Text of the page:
Oxygen consumption and carbon-dioxide recovery kinetics in the prediction of coronary artery disease severity and outcome.

Popovic D, Martic D, Djordjevic T, Pesic V, Guazzi M, Myers J,
Mohebi R, Arena R

Int J Cardiol. 2017 Dec 1;248:39-45. doi: 10.1016/j.ijcard.2017.06.107. Epub 2017
Jun 28.

BACKGROUND: Revascularization appears to be beneficial only in patients with high
levels of ischemia. This study examined the utility of gas analysis during the
recovery phase of cardiopulmonary exercise testing (CPET) in predicting coronary
artery disease (CAD) severity and prognosis.
METHODS: 40 Caucasian patients (21.2% females), mean age 63.5±7.6 with
significant coronary artery lesions (≥50%) were studied. Within two months of
coronary angiography, CPET on a treadmill (TM) and recumbent ergometer (RE) were
performed on two visits 2-4days apart; subjects were subsequently followed
32±10months. Myocardial wall motion was recorded by echocardiography at rest and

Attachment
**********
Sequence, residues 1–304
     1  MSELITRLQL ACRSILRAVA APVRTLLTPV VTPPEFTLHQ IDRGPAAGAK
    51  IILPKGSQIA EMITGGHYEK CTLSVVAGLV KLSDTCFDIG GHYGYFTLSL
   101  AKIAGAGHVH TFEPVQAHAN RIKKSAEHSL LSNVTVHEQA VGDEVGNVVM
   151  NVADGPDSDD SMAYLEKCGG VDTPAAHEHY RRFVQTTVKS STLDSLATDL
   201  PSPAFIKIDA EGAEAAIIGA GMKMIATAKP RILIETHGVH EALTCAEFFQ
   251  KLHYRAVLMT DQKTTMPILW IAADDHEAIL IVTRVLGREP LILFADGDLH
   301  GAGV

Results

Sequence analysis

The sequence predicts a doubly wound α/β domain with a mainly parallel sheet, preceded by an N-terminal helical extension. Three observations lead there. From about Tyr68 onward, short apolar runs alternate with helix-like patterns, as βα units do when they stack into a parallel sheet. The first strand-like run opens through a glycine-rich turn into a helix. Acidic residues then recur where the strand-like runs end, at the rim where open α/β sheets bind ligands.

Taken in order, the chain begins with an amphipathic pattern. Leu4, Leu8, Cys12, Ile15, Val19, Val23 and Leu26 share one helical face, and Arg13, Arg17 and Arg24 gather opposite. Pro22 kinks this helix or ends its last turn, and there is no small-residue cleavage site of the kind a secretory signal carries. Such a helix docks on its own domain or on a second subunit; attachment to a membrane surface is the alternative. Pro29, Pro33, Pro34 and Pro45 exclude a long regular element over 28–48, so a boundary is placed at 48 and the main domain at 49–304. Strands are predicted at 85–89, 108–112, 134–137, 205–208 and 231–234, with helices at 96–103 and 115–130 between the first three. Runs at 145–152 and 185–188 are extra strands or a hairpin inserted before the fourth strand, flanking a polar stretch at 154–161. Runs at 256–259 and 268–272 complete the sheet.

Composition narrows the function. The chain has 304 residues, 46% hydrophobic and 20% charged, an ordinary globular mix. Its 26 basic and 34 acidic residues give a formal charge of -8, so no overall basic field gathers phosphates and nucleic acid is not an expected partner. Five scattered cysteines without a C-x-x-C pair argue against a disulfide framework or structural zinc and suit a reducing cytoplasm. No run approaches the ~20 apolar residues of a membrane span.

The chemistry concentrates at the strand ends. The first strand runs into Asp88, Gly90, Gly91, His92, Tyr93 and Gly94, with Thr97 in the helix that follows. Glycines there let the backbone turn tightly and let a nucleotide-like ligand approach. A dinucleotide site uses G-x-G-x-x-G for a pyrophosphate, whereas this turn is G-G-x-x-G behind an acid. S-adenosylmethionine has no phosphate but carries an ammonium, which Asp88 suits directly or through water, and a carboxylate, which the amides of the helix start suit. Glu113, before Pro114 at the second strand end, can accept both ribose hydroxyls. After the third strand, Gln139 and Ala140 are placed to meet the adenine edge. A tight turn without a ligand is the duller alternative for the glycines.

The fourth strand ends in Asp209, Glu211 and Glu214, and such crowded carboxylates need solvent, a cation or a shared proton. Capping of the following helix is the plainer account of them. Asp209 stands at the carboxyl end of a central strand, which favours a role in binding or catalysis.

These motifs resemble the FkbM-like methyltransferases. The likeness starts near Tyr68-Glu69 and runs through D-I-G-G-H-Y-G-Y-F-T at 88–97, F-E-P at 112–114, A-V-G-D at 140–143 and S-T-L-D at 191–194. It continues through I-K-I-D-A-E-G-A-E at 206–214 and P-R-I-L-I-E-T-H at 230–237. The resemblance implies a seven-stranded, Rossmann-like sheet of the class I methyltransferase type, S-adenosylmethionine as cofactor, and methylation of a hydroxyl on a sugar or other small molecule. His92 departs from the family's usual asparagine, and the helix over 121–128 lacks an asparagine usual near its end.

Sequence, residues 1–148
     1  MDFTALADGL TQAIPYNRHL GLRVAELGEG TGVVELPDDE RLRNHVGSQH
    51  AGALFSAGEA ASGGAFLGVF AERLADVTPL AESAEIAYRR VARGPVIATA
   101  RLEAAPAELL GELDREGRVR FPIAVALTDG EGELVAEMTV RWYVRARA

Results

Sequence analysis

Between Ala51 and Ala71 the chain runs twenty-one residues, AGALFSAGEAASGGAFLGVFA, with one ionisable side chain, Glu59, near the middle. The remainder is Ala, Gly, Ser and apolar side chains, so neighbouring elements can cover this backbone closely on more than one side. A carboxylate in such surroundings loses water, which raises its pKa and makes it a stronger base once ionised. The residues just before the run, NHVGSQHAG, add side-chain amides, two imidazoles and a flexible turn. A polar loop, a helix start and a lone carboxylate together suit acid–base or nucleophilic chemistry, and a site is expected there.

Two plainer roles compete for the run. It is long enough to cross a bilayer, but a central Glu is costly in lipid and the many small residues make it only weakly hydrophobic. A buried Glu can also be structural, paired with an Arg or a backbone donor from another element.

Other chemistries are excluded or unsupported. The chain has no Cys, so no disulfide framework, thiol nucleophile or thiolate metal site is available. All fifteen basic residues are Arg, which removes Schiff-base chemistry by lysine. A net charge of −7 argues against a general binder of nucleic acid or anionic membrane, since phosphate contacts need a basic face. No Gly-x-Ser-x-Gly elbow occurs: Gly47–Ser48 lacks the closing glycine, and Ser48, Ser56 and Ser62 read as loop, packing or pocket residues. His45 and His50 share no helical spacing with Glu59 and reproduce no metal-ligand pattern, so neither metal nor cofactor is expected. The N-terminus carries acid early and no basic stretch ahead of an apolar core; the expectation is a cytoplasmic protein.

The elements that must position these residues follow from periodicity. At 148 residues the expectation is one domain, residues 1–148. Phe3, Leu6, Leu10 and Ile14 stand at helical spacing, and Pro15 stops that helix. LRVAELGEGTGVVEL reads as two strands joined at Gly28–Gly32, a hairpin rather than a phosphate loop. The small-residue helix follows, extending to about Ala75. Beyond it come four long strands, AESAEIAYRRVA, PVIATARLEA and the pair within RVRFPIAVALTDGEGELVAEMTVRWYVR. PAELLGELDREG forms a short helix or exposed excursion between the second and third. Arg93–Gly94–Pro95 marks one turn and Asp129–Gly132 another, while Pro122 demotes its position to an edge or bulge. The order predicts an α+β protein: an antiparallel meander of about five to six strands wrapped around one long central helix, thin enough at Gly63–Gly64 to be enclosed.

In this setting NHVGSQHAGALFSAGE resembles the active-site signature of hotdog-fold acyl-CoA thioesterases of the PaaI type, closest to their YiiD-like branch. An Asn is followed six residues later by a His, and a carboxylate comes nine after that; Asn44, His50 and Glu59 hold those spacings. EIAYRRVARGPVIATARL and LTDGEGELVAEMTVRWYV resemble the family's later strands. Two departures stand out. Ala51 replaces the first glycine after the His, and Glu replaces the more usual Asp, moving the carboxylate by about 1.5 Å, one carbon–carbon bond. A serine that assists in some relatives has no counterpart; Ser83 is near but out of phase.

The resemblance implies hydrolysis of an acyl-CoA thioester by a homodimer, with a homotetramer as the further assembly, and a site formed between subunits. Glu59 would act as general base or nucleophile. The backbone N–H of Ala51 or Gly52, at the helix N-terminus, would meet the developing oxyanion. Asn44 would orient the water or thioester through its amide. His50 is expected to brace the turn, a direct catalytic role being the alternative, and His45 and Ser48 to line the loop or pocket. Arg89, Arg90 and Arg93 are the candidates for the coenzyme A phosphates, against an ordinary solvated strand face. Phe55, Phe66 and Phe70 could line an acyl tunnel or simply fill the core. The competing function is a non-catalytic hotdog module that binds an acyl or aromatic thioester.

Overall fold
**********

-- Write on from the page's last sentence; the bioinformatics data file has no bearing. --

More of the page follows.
peak exercise. Ischemia was quantified by the wall motion score index (WMSI).
RESULTS: Mean ejection fraction was 56.7±9.6%. Patients with 1-2 stenotic
coronary arteries (SCA) showed a poorer CPET response during the recovery phase
than patients with 3-SCA. ROC analysis revealed the change of carbon-dioxide
output (∆VCO2) recovery/peak (area under ROC curve 0.77, p=0.02, Sn=87.5%,
Sp=70.4%) and oxygen uptake (∆VO2) recovery/peak during TM CPET (area under ROC
curve 0.76, p=0.03, Sn 75.0%, Sp 77.8%) were significant in distinguishing
between 1-2-SCA and 3-SCA. The same variables predicted ΔWMSI peak/rest on
univariate analysis (p<0.05). Multivariate Cox analysis revealed a high
predictive value of ∆VO2 recovery/peak obtained during TM CPET for composite
endpoint of cumulative cardiac events (HR=1.27, CI=1.07-1.51, p=0.008).
CONCLUSIONS: The current study suggests CPET parameters in recovery hold
predictive value for CAD severity and prognosis. TM testing seems to be a better
approach in the assessment of CAD severity and prognosis.